Dec 082011
Authors: Sabrina Norwood

For most students, being sad is a normal emotion. But SAD, Seasonal Affective Disorder, is a serious disorder that isn’t easy to overcome.

SAD, a form of depression, has symptoms that occur usually during winter months when the days are shorter and less sunlight is available.

“It is thought that the decrease in exposure to sunlight affects the brain’s
processing of certain chemicals like serotonin, which is linked to mood regulation and melatonin,” said Janelle Patrias, coordinator of Mental Health Initiatives at the CSU Health Network, said in an email to the Collegian.

But, when the weather begins to change and the days become longer and more sunny,
the symptoms of SAD slowly fade away, until the following winter.

“Even though it is cold, having the sun out definitely makes the winter easy
to cope with,” said sophomore construction management major Chris
Marchese. “When the sky is grey it makes everything more depressing.”

While anyone can be affected by SAD, females are four times more likely than
males to develop the disorder. And symptoms often develop in teens and
young adults.

“Most people do not get Seasonal Affective Disorder,” Patrias said. “Also symptoms of SAD are different and more pronounced than a bit of the ‘holiday blues.’”

SAD only effects approximately 1-2 percent of the US population.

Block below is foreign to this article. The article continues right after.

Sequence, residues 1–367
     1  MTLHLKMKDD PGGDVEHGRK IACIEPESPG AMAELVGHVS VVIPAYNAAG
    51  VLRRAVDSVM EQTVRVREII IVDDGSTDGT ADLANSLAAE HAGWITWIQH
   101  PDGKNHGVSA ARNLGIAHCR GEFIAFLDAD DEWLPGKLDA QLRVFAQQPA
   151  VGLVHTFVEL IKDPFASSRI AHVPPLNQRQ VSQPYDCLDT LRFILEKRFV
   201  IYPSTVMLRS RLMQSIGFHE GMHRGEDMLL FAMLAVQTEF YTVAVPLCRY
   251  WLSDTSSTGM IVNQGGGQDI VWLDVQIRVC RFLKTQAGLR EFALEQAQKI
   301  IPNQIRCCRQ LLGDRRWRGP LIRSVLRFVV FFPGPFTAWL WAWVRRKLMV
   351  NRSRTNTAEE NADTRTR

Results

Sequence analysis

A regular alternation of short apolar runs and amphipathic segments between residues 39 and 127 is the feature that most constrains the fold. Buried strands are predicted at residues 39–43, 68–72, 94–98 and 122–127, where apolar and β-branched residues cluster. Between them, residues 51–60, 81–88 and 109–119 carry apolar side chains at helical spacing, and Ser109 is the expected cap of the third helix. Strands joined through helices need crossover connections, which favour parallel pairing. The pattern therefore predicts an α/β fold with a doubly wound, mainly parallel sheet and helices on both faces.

Unfortunately, living in northern and colder climates, including Colorado, increases the possible risk.

Symptoms of Seasonal Affective Disorder include mood changes, excessive sleep,
overeating, changes in energy, less time spent socializing, difficulty concentrating and lack of enjoyment.

“The cold weather has little effect on me, but I do try to sit in the sun a
lot,” said junior human development and family studies major Kathleen
Kubida. “The sun certainly gives me a more positive feeling.”

Possible preventions of SAD include any regular “mood boosting” activities.

“Eat well, develop a regular sleep routine, spend time with caring friends
and family,” Patrias suggested. “Practice good self-care, do not isolate
yourself and exercise regularly.”

All forms of depression are potentially serious and can be effectively
treated. Seek help if you think you might be experiencing depression.

Students who believe they may be experiencing these symptoms are encouraged to
contact the CSU Health Network’s Counseling Services located in Aylesworth Hall, or call (970) 491-6053.

Collegian writer Sabrina Norwood can be reached at

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